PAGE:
“Want to read every single technical detail of the design and construction of the Large Hadron Collider and its six detectors? The whole shebang — seven reports totaling 1600 pages, 115 MB, with contributions from 8000 scientists and engineers — has been published electronically by the Journal of Instrumentation, free to read without a subscription.”
“In what can only be considered a bizarre court case, a former nuclear safety officer and others are suing the U.S. Department of Energy, Fermilab, the National Science Foundation and CERN to stop the use of the LHC (Large Hadron Collider) until its safety is reassessed. The plaintiffs cite three possible ‘doomsday‘ scenarios which might occur if the LHC becomes operational: the creation of microscopic black holes which would grow and swallow matter, the creation of strangelets which, if they touch other matter, would convert that matter into strangelets or the creation of magnetic monopoles which could start a chain reaction and convert atoms to other forms of matter. CERN will hold a public open house meeting on April 6 with word having been spread to some researchers to be prepared to answer questions on microscopic black holes and strangelets if asked.”
“The New York Times has up a lengthy profile of the Large Hadron Collider. The article covers the basics (size = 17 miles, cost = 8 billion, energy consumption = 14 trillon electron volts) and history but also provides interesting interviews of the scientists who work with the facility every day. The piece also goes into some detail on the expected experiments. ‘The physicists, wearing hardhats, kneepads and safety harnesses, are scrambling like Spiderman over this assembly, appropriately named Atlas, ducking under waterfalls of cables and tubes and crawling into hidden room-size cavities stuffed with electronics. They are getting ready to see the universe born again.’ There are photos, video and a nifty interactive graphic.“
Roland Piquepaille writes “This image processor is not your typical digital camera. It took 6 years, 20 people, and $6 million to build the ‘Regional Calorimeter Trigger‘ (RCT) which will be a component of the Compact Muon Solenoid (CMS) experiment, one of the detectors on the Large Hadron Collider (LHC) in Geneva, Switzerland. The RCT will fill several racks of space in order to process 4 trillion bits of information per second while analyzing a billion proton collisions per second. The camera is currently being tested at the University of Wisconsin at Madison before being shipped to Geneva in June to participate in the first experiments in 2007.”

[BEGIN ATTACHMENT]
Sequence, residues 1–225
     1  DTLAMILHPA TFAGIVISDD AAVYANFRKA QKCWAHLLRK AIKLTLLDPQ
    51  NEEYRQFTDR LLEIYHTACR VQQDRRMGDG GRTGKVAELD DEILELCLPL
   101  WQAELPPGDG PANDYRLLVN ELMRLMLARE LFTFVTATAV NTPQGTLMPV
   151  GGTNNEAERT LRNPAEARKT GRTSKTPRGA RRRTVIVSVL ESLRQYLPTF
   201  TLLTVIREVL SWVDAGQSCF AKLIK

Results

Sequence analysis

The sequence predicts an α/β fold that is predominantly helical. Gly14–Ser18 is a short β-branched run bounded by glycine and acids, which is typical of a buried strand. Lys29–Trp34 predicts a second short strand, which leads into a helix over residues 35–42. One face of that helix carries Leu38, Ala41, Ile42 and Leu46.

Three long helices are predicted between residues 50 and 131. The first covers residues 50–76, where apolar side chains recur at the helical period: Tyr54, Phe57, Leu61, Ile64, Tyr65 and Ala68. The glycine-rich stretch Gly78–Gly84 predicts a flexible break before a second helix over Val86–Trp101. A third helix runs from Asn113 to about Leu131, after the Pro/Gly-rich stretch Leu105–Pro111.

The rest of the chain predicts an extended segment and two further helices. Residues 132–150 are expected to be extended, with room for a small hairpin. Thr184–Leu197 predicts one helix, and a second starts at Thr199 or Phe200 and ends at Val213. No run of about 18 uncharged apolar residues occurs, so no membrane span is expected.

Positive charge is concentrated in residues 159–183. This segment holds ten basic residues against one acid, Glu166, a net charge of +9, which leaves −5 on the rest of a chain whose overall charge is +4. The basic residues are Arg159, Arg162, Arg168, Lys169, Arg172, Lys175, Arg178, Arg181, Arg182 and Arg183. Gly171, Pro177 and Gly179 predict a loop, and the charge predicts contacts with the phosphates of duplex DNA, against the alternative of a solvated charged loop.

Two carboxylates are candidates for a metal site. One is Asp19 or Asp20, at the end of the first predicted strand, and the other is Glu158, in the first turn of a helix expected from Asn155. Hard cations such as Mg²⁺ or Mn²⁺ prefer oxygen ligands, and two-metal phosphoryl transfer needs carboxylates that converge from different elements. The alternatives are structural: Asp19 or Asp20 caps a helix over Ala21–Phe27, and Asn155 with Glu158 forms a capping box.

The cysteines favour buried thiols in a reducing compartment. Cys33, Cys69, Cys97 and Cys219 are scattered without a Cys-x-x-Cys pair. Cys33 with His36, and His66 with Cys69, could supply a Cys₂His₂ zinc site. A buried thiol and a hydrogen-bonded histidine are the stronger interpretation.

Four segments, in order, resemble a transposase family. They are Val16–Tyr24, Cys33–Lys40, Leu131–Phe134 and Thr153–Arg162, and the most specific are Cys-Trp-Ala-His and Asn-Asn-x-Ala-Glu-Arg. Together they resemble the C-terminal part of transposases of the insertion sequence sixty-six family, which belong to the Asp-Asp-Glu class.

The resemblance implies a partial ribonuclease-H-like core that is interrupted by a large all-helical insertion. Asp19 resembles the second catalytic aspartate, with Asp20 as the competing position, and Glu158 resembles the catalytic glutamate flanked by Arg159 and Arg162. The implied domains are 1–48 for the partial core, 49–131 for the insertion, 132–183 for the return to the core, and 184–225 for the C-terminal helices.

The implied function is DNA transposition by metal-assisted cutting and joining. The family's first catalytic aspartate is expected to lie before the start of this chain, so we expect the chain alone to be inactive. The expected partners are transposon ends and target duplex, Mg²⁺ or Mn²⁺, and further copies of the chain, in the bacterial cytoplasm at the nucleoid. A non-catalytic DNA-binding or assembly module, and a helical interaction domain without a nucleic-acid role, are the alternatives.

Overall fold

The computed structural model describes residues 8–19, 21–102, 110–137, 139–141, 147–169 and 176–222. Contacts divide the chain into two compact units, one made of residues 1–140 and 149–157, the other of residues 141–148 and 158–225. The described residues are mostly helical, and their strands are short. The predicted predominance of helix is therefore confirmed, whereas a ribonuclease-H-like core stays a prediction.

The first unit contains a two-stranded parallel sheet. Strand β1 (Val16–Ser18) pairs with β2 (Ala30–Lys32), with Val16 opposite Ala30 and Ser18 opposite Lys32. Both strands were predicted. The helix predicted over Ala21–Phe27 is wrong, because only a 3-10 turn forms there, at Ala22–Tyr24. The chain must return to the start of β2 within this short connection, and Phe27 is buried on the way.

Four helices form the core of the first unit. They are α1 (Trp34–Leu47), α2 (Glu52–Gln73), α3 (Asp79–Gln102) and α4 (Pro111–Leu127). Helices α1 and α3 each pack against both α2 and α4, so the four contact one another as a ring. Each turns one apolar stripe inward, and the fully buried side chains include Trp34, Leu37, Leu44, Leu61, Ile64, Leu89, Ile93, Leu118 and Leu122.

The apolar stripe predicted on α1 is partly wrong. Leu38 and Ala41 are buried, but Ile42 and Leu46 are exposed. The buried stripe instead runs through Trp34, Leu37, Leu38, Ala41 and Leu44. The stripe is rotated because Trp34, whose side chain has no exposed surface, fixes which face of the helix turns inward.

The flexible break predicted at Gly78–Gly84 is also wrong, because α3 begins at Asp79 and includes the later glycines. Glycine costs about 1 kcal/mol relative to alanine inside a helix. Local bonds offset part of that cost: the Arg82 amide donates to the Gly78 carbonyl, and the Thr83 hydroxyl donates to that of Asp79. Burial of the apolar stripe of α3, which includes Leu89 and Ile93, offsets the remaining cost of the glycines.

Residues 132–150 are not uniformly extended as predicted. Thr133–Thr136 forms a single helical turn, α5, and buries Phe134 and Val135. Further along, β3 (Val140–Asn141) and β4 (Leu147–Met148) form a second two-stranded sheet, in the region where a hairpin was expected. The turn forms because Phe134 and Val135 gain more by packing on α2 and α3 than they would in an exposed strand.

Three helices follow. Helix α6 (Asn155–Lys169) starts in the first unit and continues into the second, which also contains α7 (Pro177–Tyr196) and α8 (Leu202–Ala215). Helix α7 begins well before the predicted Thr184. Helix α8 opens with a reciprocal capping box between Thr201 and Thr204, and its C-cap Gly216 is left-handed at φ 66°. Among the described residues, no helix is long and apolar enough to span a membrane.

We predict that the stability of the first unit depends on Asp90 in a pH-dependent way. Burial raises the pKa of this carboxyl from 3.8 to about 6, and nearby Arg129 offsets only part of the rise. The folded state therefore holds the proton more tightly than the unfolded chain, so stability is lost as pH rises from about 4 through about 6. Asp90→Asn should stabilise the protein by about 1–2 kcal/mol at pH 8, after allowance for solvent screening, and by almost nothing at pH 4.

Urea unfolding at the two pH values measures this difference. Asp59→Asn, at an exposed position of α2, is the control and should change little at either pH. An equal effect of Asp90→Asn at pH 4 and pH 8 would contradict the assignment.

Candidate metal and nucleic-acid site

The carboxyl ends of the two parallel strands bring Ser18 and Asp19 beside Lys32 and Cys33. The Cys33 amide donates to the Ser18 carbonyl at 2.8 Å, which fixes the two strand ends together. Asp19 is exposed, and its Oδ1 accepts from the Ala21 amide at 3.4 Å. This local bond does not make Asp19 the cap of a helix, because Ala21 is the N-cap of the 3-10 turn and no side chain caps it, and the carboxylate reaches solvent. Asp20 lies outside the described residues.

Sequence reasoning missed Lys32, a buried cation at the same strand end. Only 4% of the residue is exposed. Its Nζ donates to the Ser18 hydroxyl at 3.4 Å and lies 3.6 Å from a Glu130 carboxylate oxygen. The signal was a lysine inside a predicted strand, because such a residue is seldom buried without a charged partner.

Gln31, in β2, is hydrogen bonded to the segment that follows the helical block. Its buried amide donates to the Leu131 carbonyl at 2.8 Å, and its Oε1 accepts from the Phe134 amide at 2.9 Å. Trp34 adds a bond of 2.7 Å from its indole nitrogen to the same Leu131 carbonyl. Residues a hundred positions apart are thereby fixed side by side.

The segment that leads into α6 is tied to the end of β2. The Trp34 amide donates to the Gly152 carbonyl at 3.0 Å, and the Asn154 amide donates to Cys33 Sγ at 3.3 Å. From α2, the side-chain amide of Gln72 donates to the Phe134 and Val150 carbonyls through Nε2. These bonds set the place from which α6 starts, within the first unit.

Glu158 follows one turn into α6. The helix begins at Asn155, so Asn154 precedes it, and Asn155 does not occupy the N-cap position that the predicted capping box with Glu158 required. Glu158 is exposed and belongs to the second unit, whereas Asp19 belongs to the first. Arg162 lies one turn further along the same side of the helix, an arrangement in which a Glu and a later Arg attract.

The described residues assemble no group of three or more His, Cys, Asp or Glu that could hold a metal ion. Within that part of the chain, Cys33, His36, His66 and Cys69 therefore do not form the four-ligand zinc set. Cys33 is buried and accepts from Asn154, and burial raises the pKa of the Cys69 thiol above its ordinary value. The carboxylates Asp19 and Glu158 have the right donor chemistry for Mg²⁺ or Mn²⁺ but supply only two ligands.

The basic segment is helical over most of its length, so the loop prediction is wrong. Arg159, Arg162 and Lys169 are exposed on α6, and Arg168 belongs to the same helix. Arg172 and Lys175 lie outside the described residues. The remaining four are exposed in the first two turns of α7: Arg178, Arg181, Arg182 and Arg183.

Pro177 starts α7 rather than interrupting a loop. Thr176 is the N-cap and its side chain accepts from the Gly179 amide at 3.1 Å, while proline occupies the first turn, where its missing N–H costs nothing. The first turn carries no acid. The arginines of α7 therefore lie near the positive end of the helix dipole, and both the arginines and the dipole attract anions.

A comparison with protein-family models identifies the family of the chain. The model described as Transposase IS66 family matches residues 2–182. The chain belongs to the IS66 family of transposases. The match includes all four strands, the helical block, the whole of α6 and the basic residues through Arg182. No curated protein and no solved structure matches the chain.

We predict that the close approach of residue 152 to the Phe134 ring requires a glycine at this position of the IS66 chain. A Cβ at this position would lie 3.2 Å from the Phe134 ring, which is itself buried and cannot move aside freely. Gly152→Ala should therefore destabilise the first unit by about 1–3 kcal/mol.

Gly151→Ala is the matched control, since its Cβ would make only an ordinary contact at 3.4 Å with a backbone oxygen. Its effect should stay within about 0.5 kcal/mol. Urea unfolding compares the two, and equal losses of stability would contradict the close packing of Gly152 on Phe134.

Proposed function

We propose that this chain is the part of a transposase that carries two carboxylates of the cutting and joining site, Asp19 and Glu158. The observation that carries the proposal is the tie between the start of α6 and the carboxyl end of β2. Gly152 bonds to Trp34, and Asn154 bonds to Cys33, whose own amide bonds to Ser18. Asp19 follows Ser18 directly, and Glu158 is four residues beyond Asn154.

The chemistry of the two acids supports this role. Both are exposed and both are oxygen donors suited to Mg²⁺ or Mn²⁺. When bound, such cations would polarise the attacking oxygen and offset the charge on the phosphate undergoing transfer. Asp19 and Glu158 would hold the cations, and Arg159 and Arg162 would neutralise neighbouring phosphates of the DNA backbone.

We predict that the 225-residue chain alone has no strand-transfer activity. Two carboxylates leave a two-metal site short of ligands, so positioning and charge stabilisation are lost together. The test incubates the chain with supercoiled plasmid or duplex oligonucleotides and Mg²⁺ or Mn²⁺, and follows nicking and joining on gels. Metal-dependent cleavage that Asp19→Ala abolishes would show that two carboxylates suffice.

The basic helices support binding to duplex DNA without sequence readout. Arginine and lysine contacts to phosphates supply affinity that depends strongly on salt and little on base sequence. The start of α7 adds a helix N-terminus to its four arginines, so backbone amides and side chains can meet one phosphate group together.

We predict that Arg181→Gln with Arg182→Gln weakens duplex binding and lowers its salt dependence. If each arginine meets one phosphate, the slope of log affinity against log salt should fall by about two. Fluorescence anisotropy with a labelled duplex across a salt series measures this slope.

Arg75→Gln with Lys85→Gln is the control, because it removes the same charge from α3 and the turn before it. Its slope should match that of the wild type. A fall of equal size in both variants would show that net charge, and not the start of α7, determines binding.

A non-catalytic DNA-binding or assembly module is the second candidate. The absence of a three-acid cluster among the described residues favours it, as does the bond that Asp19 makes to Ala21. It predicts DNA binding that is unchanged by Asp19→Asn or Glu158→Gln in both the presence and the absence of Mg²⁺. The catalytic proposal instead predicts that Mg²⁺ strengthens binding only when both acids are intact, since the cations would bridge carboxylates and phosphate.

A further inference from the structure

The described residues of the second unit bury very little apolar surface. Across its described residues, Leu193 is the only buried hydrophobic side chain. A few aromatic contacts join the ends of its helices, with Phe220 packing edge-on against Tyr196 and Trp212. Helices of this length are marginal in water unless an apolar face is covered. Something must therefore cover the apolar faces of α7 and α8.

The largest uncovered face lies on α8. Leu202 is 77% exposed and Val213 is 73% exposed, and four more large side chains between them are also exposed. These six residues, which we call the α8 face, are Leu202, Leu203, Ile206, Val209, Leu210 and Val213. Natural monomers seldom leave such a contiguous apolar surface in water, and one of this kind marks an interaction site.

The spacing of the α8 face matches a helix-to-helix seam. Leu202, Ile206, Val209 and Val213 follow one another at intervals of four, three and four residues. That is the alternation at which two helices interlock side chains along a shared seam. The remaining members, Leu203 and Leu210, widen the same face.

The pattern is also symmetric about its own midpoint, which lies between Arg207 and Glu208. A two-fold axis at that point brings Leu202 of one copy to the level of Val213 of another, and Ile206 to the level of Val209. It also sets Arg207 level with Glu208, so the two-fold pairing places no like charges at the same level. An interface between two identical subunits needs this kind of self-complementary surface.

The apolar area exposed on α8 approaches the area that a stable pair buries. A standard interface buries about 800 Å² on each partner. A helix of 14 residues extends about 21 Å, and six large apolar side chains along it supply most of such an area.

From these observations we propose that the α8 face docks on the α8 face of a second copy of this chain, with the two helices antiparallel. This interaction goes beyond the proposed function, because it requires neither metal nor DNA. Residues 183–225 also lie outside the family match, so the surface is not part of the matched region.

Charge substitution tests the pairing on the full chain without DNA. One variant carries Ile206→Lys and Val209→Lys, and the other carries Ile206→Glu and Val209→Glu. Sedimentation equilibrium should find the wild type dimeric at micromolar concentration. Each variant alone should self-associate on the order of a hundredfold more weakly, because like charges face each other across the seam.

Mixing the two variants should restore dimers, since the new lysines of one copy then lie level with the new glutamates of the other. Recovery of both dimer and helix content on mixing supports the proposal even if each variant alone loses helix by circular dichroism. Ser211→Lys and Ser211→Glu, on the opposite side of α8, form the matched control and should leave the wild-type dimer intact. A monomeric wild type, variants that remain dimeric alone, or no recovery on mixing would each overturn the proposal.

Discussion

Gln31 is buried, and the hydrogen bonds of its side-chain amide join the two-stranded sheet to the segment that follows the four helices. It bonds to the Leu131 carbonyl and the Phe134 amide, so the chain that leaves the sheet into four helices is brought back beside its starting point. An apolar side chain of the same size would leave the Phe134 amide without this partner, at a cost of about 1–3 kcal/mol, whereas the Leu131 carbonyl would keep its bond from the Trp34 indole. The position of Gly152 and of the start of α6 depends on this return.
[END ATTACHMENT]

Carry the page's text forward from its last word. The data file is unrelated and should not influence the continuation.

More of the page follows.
Excerpt from source: More on the University of Texas grid project’s mission to integrate numerous, diverse resources into a comprehensive campus cyber-infrastructure for research and education. In this article, the authors examine the idea of harvesting unused cycles from compute resources to provide this aggregate power for compute-intensive work. They will also place this concept in context by offering an overview of a popular commercial software package designed to help achieve this task: the United Devices Grid MP platform.
Several early grid computing projects were focused on the idea of harvesting unused cycles from compute resources and providing this aggregated computing power for work that comprised lots of tasks — from hundreds to millions — that could be executed individually.
Today, there are several commercial and open source grid computing software packages that support this form of distributed computing on the desktop or other nondedicated computing resources. In this article, we will take a look at a popular commercial software package designed to help execute this function: the United Devices Grid MP platform.
Grid MP has several interesting and unique features, including:
* Support for heterogeneous desktops/nodes
* Nonintrusive client execution
* Tolerance to failures of desktop resources
We will provide an overview of the Grid MP features designed for harvesting idle cycles from nondedicated resources, and we’ll describe the types of applications that can effectively use the type of “desktop grid” we’re discussing.
Read the full article:
* Grid in action: Harvesting and reusing idle compute cycles